Barbers for Romney

An article I wrote that analyzes the occupations of donors to Presidential campaigns:

With over 500,000 contributions to the 2012 Romney and Obama campaigns, these contributions represent a lot of money ($177 million, to be exact) and a ton of fascinating data. By counting how often certain job titles appear in these disclosures, we can create a data-driven summary of the degree to which different professions support each candidate. For example, contributions to President Obama’s campaign are 80 percent more likely to be from dancers than those to Gov. Romney’s. And even though Obama enjoys nearly a 30 percent lead with physicians, surgeons favor Romney by almost 200 percent.

Some of the conclusions drawn from this analysis confirm what we already know. First, that retirees are very active politically, accounting for about a quarter of the donations to both campaigns. Since retirees dwarf every other category, they are excluded from the graphs below. Also unsurprising is that executives and financial professionals are more likely to donate to the Romney campaign, while academics, creative professionals and workers in unionized professions favor Obama. For every contribution to Romney’s campaign, Obama receives (again, on a relative basis) 3.12 from architects, 2.65 from designers, 2.37 from those in advertising, and 1.96 from art dealers. By contrast, for every contribution to Obama’s campaign, Romney sees 16.22 from investment bankers, 4.85 from financial advisors, 3.63 from CFOs, and 3.21 from CPAs.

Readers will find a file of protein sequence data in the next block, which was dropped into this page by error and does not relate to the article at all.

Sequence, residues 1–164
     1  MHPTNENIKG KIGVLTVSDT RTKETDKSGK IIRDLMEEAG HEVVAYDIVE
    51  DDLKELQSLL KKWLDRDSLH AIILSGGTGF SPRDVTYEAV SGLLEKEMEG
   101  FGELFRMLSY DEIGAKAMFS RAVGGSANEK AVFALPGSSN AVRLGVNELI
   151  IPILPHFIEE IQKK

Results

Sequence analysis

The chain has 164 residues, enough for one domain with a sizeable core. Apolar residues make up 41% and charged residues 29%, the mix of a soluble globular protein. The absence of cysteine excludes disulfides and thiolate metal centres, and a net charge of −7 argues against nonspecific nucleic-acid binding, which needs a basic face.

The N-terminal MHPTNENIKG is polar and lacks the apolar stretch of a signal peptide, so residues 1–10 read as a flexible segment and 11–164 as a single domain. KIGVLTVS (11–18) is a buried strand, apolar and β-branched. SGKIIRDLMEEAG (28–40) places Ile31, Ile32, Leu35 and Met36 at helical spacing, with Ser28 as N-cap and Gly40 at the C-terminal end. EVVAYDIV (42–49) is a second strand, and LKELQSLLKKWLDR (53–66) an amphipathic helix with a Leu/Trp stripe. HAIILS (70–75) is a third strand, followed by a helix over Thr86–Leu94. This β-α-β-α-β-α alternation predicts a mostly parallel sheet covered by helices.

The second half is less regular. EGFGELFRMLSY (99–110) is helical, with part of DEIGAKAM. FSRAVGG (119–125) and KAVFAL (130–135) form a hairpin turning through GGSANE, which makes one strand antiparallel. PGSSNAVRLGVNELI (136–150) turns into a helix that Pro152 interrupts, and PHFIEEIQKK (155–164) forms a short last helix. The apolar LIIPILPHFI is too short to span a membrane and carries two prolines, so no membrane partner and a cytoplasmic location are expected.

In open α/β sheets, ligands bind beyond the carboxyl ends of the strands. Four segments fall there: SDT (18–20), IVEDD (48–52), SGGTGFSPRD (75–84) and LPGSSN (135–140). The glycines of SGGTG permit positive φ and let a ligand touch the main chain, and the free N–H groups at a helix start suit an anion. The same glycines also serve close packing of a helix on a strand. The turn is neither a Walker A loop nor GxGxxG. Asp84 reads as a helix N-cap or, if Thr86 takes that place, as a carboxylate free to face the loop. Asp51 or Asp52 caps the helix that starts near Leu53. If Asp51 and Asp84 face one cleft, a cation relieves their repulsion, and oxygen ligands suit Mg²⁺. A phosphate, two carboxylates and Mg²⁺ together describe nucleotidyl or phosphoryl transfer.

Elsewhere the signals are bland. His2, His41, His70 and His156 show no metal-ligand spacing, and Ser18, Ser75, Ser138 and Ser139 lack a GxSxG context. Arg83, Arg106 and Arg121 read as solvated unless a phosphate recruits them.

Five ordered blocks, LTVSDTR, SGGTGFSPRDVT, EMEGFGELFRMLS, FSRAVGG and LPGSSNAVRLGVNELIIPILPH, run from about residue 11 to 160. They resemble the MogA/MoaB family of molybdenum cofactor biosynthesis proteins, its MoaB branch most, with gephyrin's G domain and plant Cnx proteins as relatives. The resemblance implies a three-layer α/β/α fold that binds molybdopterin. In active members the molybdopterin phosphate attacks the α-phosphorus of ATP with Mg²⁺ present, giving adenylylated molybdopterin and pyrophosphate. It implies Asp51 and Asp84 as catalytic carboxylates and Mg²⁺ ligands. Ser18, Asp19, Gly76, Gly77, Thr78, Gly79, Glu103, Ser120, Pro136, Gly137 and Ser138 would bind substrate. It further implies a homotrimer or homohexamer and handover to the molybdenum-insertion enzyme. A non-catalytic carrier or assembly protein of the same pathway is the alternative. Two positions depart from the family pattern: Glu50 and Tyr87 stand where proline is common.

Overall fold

Read the full article here.



Romney vs. Santorum: What their words reveal

Now that the Romney campaign is officially shaking its Etch-A-Sketch, the name “Rick Santorum” will begin to fade from our collective memory. As he exits the national stage, I find myself wondering what kept him from capitalizing on the “anything-but-Romney” attitude that seemed to define many Republican voters’ attitudes. Money, certainly, was a significant and well-documented driver of the outcome. But what if we sought to understand the primary through a data-driven lens?

An interesting question, for sure, but, as anyone who works with data knows, the first challenge is to get your hands on the numbers. Fortunately, there’s one source of data that politicians are eager to provide in limitless quantities: their words.

Read the rest at Salon.com.